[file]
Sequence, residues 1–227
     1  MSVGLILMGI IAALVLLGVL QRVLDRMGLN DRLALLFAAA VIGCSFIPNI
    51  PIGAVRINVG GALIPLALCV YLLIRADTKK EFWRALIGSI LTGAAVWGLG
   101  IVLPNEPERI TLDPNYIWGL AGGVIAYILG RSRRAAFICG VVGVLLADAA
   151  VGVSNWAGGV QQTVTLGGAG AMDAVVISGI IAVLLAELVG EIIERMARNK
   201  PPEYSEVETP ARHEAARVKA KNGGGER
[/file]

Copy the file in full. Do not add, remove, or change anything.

Sequence, residues 1–227
     1  MSVGLILMGI IAALVLLGVL QRVLDRMGLN DRLALLFAAA VIGCSFIPNI
    51  PIGAVRINVG GALIPLALCV YLLIRADTKK EFWRALIGSI LTGAAVWGLG
   101  IVLPNEPERI TLDPNYIWGL AGGVIAYILG RSRRAAFICG VVGVLLADAA
   151  VGVSNWAGGV QQTVTLGGAG AMDAVVISGI IAVLLAELVG EIIERMARNK
   201  PPEYSEVETP ARHEAARVKA KNGGGER